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Pet Week Message:  Stay Safe and Sound

National Pet Week, May 4-10, is a celebration of the unique relationships formed between humans and animals that often start when a new pet is adopted or rescued from a shelter.  However, many people who bring new pets home fail to plan ahead. New arrivals may wander away, shed hair, chew up items, stain carpets, or destroy furniture.  In these cases, animals may be given up for adoption – which is a shame, because behaviors are controlable.

Being a responsible pet owner means ensuring your dog or cat is provided with proper shelter, food and water, a clean, safe living environment, as well as the attention and training that it requires.  Some people think animals should be left outside, so they don’t have to deal with pet hair or potty accidents, but dogs and cats actually are better off indoors where they are sheltered against the elements, diseases, and injuries. Furthermore, pets feel more like an integral part of the family when they are in closer contact.         

What makes an optimal pet living space?  First recognize that pets are not much different than humans when it comes to comfort.  They like cozy places, soft, clean bedding, fresh water and a sanitary environment free from fleas, ticks, dust, and noise. Veterinarians recommend the following tips for sheltering dogs and cats:

Crates.  Crates are an invaluable tool when house training a new dog.  Dogs have denning instincts and will avoid eliminating where they sleep.

ü    Keep washable bedding and safe toys in the crate and rotate the toys for variety.

ü    Make sure the crate is large enough for your dog to lie down and turn around.

ü    Feed your dog in the crate and offer praise when it rests calmly.

ü    Avoid using crates for time-outs as punishment.

ü    Pet store puppies that spend much of their time in a pen or cage become used to sitting in their waste.  To prevent this behavior, take your dog outside 20 minutes after it eats.  Feed your pet only two times per day—this develops a routine, provides plenty of food, and prevents obesity.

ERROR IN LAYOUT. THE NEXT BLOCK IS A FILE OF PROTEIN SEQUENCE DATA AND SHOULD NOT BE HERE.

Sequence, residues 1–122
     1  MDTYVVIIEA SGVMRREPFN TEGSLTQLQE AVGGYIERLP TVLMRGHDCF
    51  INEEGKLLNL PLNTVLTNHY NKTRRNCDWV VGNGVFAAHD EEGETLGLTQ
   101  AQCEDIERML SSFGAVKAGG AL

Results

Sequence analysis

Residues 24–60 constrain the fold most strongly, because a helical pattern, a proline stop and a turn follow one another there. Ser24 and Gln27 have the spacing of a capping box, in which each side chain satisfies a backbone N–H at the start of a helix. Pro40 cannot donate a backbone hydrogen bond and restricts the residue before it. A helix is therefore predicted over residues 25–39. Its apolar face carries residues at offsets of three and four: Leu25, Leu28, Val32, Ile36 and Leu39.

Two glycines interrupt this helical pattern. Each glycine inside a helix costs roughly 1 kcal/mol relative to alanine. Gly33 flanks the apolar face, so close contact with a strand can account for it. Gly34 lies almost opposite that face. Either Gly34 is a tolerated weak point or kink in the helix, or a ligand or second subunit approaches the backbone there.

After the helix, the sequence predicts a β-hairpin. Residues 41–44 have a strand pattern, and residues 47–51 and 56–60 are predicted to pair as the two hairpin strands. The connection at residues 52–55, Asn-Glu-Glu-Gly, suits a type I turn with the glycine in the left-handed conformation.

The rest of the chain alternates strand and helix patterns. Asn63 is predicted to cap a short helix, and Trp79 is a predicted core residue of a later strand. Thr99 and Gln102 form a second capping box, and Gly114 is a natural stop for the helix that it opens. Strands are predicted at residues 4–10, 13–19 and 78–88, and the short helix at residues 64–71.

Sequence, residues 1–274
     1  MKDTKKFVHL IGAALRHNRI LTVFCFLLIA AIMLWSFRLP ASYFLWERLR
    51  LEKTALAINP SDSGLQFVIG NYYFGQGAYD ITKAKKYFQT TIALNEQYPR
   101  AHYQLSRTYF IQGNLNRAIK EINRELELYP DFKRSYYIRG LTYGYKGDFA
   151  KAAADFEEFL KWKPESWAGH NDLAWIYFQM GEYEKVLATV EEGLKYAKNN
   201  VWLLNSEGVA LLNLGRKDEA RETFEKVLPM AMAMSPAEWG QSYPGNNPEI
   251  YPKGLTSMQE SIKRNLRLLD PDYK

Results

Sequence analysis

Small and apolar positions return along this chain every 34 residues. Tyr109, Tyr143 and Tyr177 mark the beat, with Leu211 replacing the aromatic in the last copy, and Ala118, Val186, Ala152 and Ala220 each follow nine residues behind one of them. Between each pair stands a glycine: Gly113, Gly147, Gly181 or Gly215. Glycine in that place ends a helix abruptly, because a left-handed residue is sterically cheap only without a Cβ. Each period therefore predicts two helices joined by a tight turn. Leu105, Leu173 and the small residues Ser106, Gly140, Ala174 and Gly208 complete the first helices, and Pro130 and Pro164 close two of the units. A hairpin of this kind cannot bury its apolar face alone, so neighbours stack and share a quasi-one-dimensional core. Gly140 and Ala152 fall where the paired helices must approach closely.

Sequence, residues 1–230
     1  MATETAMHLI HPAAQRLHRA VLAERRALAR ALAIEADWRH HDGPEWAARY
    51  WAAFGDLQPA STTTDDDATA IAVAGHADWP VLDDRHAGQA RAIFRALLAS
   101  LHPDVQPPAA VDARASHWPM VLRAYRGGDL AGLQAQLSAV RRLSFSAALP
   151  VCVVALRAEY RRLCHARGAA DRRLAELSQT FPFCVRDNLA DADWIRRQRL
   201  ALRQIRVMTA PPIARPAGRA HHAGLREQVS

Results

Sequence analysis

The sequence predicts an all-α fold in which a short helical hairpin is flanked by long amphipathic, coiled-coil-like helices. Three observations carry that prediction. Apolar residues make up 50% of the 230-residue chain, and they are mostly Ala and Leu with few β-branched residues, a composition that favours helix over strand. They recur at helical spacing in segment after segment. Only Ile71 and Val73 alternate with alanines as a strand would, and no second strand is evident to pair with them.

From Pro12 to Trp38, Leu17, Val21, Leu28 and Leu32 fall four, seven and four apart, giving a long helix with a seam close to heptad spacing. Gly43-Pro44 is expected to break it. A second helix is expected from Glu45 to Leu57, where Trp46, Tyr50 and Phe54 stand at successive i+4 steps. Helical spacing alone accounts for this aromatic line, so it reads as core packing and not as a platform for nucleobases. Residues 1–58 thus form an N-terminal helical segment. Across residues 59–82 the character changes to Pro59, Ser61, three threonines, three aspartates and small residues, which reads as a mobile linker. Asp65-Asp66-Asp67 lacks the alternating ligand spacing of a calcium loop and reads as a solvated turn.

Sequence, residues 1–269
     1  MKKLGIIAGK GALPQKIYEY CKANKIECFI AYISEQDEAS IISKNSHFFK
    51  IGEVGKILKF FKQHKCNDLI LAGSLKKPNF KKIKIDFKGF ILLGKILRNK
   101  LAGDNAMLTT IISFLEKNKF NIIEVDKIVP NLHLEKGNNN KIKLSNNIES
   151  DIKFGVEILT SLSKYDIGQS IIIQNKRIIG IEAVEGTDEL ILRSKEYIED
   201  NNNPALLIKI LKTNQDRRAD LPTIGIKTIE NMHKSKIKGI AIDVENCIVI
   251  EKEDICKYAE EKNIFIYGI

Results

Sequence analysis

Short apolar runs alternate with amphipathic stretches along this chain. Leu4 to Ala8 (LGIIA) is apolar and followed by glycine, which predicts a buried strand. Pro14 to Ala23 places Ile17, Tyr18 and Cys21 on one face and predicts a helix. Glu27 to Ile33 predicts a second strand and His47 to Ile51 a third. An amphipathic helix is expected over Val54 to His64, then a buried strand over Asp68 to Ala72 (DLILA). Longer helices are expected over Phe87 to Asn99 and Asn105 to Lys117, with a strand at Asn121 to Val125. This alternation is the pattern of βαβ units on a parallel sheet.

ü    Do not crate your pet for excessively long periods of time

Bedtime.  Once your dog is crate- and potty-trained, allow it to sleep in its own bed or leave the crate door open, in a bedroom with a family member, as dogs are social and enjoy the company.

Cat Protection.  Train your new kitten to use a litterbox, especially when living in apartments or in a home without outdoor litter space.  It’s a common mis-perception that felines will not be happy if confined.  If left outside, cats can contract diseases, get hit by cars, get hurt in a fight, or be poisoned.  Provide lots of play toys and scratching devices for cats to keep them active and stimulated. Install barriers on ledges or balconies to safeguard cats from falling.

Safety and Sanitation.  Cleanliness should be a high priority for any pet owner.  Failing to properly sanitize pet habitats on a regular basis can be dangerous and unhealthy for animals as well as humans.     

ü    When cleaning up after a pet, treat spots with “enzymatic cleaners” to effectively remove the ammonia smell of urine that causes pets to mark again.

ü    Invest in black lights, which illuminate urine stains that would otherwise be difficult to see.

ü    Don’t let pets drink from toilets, especially those with fresheners in the tank or bowl.  The chemicals are toxic.  Cats like to drink from circulating fountains or sinks.

ü    Deter pets from jumping on furniture by placing large-size bubble wrap or foil on chairs and sofas.

ü    Prevent fleas and ticks with products your veterinarian recommends.

ü    Pet dander is a common allergen.  Have your carpet and furniture the animal frequents professionally cleaned periodically.

Home care is only one defense and must be coupled with regular veterinary wellness exams to ensure pets receive proper preventative care. You can prevent internal parasites like roundworms, hookworms and tapeworms and external parasites like fleas, ticks, and ear mites.  Regular pet grooming is also important, and allows owners to discover problems much sooner than if they were not so closely working with their pet. 

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THIS ---->https://middletownvetnet.vetmatrixbase.com/pets-and-small-animals/doctor-articles/stay-safe---sound.html

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Monday9:00am5:30pm
Tuesday9:00am5:30pm
Wednesday9:00am5:30pm
Thursday9:00am5:30pm
Friday9:00am5:30pm
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We are the only animal hospital in Lake County, CA to offer all of these benefits:  laser surgery, laser therapy, climate controlled boarding, separate cat reception, examination, and boarding areas, dental x-ray and dental suite, multi-modal pain management, physical therapy, underwater treadmill, shockwave therapy, PRP therapy, cryotherapy, digital thermal imaging, stance analyzer, tonopen for eye pressure, behavior services, house calls.....and much more.

Middletown Animal Hospital 707-987-2000
21503 S. State Highway 29 Middletown, CA 95461

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